Coping With The Problem Of Canine Diabetes In Dogs

Diabetes in dogs, also known as diabetes mellitus, is one of the fastest growing health problems affecting the canine world. Despite the advent of new researches and studies geared towards the cure of the disease, the incidence of the condition in household pets continues to rise.

Thirty years ago, only 19 out of 10,100 dogs were diagnosed with having the disease. By 1999, the prevalence had greatly increased to 58 per 10,000 dogs. Today, it is estimated that this condition strikes 1 in 400 dogs.

There are still no criteria for canine diabetes classification that is accepted internationally.

But, if the human criteria were to be applied to dogs, it is approximated that 50% of all cases of diabetes in dogs would be classified as type 1 diabetes. It is associated with poorly defined environmental factors, multiple genetic predispositions, and autoimmune response.

The incidence of the type 1 diabetes in canines is rising, a trend that is said to be caused due to increased contact with the environmental factors that trigger some genetic responses.

The rate of progression in this type of the disease is somewhat variable. Most of the dogs that are affected are ages 7 years and above.

One thing that has greatly influenced the mounting prevalence of canine diabetes is the genetic factor. People who breed dogs that both have diabetes are most likely to have a diabetic litter. Studies show that dogs with diabetes have only one haplotype gene. When that gene is passed on to a puppy, that puppy is three times more likely to develop diabetes.

Other factors that are causing the rise in diabetic cases in dogs are multiple environment influences that can initiate the dog's autoimmune response.

Unfortunately, researchers have not yet discovered the specific environmental risk factors that are associated with diabetes in dogs but believe that infections, intestinal problems, and dietary issues has something to do with it.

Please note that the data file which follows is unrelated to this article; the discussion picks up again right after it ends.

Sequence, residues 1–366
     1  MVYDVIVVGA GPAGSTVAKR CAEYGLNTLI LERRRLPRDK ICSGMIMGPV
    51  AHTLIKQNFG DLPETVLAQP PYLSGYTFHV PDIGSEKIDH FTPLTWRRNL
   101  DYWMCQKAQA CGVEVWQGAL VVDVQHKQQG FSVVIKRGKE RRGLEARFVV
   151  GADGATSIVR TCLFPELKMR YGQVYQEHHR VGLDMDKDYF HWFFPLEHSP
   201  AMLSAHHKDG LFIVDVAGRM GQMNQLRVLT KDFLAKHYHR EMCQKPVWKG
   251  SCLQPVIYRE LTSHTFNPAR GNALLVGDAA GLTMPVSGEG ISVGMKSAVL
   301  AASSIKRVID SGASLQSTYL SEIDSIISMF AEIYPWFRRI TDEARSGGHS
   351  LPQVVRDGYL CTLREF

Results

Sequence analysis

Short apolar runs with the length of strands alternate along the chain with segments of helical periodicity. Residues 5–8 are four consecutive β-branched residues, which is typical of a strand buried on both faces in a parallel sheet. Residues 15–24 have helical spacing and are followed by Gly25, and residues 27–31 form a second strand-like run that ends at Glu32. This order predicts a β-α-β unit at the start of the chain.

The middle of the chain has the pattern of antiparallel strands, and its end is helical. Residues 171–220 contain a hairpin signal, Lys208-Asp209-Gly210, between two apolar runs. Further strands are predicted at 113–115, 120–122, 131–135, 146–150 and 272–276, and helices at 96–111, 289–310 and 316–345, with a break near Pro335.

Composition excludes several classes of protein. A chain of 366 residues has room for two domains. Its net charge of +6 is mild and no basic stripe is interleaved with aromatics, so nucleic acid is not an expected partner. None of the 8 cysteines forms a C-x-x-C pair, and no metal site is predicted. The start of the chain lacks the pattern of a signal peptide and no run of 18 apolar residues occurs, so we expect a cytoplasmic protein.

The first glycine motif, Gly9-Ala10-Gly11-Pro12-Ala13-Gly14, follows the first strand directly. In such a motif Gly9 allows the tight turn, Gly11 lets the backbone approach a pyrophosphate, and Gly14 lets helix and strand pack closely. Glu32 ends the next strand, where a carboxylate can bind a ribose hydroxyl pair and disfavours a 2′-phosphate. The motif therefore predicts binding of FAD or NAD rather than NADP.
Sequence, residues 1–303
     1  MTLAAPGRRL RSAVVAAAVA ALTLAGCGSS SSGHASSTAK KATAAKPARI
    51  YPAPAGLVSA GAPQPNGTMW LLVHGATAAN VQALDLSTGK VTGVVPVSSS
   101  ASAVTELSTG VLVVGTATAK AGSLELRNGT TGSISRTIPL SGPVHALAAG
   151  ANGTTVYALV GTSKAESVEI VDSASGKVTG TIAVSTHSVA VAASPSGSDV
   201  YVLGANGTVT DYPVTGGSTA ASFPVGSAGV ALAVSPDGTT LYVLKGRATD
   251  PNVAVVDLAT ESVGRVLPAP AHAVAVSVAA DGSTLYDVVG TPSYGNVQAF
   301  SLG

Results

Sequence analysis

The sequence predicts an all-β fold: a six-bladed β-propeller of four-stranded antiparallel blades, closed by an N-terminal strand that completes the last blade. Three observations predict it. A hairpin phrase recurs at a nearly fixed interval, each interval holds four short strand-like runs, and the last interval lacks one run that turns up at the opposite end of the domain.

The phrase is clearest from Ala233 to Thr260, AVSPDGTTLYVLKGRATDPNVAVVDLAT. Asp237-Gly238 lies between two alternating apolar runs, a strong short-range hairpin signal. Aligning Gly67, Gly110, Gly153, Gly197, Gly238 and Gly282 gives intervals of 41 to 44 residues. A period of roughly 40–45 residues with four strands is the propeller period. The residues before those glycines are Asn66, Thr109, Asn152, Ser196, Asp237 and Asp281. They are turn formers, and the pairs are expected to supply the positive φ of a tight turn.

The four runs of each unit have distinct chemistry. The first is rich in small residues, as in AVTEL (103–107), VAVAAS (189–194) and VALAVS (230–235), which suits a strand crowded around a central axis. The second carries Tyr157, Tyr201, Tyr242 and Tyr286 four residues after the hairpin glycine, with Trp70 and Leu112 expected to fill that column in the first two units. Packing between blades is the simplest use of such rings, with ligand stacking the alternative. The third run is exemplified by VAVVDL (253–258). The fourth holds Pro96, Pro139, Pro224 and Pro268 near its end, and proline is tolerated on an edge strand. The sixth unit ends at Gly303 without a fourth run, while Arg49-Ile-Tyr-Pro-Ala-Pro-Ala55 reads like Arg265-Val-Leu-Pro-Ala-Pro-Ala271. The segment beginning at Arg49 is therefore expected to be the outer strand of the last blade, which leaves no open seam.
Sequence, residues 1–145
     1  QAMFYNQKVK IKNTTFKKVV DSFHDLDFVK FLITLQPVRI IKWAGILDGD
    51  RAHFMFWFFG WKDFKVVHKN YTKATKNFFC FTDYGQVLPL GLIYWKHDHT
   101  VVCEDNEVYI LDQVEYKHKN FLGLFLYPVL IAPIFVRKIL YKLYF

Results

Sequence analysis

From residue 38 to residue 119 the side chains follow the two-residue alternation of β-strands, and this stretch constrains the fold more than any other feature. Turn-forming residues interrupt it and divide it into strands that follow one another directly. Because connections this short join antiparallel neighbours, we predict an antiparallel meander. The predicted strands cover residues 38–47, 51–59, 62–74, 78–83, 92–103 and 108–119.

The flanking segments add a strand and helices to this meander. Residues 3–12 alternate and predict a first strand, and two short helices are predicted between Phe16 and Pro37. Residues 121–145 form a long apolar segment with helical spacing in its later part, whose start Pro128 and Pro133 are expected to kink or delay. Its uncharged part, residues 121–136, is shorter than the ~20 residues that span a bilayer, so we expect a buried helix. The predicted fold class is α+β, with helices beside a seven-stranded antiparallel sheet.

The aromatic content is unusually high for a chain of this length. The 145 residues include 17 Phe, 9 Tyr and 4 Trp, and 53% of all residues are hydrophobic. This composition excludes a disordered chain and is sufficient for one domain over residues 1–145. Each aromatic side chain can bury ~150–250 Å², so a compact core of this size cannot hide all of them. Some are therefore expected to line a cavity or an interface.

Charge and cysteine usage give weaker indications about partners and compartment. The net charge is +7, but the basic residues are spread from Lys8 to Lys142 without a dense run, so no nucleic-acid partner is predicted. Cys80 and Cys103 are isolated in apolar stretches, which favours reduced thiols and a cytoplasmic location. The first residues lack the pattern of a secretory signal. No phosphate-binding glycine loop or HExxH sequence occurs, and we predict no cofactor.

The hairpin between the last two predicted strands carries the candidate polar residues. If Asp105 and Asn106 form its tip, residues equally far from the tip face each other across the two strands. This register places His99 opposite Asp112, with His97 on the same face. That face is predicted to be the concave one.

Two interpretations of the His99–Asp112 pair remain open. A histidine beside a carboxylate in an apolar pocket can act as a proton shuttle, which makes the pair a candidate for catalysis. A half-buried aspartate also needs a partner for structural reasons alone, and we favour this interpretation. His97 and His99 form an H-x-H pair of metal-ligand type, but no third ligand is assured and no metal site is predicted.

The rate of progression due these factors is irregular but shows a highly significant seasonal incidence that peaks during the winter seasons.

Risk factors that are frequently implicated with diabetes in dogs are exposure to protein contents in a cow's milk and enteroviral infections, which trigger the destruction of the immune response in dogs.

About 20% of dogs that suffer from chronic pancreatitis, which is an inflammation of their pancreas, also suffer from diabetes. Obesity is a risk factor for pancreatitis and for the development of diabetes.

Feeding the dogs with high fat diets can lead to obesity-associated pancreatitis and plays a role in the development of diabetes.

If we look closely, what causes diabetes to be a growing problem in dogs is actually modifiable.

People just need some knowledge on the risk factors for them to take control of the growth of the disease, such as carefully breeding dogs and avoiding environmental factors that can trigger the development of the disease.

Like any other creatures dogs deserve good health. And people should know that in order for dogs to live a better life, they should properly take care of them and give them the due care that they need and minimise the risk and exposure to the diabetic disease.

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